Once the NovoTTF is on my head I’ll feel more relaxed and will start working towards trying to get a vaccine made for me privately. Hopefully will get it set up in 2014. DCvax (a therpeutic vaccine against your own tumor) seems to have good outcome. They are now doing clnical trials on newly diagnosed GBM.
    But to get it privately is hard, I’d possibly have to go to England for the first dose and its long complicated and very expensive. There are also peptide vaccines that are approved in Europe, made in Belgium, so might be cheaper, I’m European and still a citizen over there, so may be able to arrange something, but I’m more interested in the vaccine against my own personal tumor. That would be hard and expensive, but hey, what’s my life worth. Well it’s not for me: it’s for my beautiful sweet kids and of course my dear faithful husband who has really been a trooper.
    Best wishes to everyone! And Tina, thanks for keeping this blog going. You are truly a beautiful person!!!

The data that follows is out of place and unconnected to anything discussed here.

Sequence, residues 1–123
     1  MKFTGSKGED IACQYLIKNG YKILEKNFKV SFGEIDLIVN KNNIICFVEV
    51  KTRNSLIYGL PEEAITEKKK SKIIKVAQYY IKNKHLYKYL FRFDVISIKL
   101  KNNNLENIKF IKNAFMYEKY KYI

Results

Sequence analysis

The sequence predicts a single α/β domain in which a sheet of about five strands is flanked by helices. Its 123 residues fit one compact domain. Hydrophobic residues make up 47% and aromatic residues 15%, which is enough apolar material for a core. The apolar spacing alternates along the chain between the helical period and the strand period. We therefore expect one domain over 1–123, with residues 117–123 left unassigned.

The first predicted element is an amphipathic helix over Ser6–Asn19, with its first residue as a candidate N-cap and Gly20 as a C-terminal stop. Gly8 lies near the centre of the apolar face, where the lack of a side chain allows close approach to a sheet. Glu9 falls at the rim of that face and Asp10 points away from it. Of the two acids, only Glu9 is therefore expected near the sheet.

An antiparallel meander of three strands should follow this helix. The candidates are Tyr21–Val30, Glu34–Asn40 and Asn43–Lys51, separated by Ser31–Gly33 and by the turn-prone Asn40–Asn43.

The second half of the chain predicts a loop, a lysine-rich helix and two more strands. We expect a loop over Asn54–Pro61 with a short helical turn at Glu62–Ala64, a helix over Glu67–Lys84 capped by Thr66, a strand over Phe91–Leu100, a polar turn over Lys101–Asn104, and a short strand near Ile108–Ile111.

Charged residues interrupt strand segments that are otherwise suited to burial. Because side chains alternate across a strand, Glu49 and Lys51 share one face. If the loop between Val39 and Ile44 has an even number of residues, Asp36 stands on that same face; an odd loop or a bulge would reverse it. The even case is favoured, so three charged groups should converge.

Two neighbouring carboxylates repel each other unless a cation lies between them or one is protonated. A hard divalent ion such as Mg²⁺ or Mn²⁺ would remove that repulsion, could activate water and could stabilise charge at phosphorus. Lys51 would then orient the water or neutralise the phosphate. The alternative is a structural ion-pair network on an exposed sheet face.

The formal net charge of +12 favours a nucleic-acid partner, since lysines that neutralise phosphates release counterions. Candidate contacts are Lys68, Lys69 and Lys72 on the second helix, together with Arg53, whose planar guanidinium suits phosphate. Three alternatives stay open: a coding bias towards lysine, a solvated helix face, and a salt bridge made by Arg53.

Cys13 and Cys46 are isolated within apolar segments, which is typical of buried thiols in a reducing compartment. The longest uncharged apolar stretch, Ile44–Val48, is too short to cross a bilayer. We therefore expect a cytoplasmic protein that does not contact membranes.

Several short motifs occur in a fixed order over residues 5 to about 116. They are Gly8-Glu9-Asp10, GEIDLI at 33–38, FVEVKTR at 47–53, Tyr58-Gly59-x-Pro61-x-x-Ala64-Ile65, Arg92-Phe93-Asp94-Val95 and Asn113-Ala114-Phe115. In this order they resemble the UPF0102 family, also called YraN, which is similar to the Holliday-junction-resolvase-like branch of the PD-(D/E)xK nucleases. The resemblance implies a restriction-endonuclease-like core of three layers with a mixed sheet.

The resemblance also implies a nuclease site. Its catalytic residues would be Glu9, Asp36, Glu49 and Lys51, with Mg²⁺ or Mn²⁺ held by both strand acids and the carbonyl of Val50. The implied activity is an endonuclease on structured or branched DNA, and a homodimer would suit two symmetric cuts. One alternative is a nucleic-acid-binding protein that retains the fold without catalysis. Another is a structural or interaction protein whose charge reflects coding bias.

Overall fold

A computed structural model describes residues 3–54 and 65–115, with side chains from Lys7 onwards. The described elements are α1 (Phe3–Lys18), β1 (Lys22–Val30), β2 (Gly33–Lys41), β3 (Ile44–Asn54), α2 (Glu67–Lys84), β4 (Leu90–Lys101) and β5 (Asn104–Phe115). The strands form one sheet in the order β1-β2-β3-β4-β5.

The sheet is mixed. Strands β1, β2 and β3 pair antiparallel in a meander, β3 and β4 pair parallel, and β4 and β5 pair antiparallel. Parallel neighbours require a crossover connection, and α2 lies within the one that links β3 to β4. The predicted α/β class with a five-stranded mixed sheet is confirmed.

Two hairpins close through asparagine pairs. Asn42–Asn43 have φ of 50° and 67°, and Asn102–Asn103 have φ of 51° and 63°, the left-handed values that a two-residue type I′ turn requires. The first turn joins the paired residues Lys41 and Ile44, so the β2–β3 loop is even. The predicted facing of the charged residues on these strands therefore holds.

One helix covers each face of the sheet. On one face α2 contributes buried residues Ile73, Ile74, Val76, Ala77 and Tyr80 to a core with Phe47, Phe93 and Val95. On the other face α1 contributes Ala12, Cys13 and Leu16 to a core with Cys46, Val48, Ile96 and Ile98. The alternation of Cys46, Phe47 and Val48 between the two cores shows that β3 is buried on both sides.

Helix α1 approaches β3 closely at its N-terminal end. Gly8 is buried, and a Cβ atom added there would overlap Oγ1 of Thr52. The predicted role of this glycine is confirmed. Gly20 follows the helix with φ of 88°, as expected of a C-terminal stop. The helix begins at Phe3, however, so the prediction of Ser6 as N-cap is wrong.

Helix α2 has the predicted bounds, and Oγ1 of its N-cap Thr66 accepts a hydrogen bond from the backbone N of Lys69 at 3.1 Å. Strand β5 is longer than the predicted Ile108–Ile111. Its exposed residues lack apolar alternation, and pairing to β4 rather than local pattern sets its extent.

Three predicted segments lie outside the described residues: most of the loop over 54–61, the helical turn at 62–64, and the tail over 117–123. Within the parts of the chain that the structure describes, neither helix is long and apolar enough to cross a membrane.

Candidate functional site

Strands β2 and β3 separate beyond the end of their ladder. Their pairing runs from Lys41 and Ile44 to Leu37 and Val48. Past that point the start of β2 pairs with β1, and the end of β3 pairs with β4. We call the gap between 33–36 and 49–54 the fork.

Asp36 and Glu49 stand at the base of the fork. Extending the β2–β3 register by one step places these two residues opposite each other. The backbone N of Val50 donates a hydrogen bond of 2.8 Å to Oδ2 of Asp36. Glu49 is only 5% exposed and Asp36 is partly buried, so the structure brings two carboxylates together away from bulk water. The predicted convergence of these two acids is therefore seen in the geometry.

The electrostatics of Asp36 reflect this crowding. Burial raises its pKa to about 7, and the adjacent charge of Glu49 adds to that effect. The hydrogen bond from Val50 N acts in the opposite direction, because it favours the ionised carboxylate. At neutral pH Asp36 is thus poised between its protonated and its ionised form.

3. CS Weddington says :

    As you face this first Christmas without Ken or your family to share the holiday, know that many people who love and support you have you in their thoughts. I am glad to hear your new job is going well. and that Mila kitty’s treatments are, too. Thanks for keeping up this blog. I enjoy staying “Ken-nected” with you. 🙂

  4. Anonymous says :

    Hi Tina. Lots of people say I’m strong as we’ll,however I totally agree with you deep down we are not. Family also get me through, the first year is the worst , first anniversary, first birthday and first Christmas. I have made a decision to take my children away this Christmas to your country in New York, something to focus on, I never been before, we are flying Christmas Day so no time to reflect on this difficult year.

    I love that poem. Thanks again for sharing your thoughts and feelings…

    Take care of your parents and your cat.. Enjoy your work and stay safe and healthy.


  5. Laurie Christie says :

    Tina, we never met, but you are so frequently in my thoughts and prayers. I started reading Ken’s story after our daughter was diagnosed with a brain tumor. I kept you both in my prayers. Sharing your story has helped others stay strong as well, even though I’m sure that it doesn’t feel that way to you. I agree with Marilyn that the first anniversary must be especially awful. But, you have so many who care for you and wish you well, as I do. Thank you for sharing your journey with us.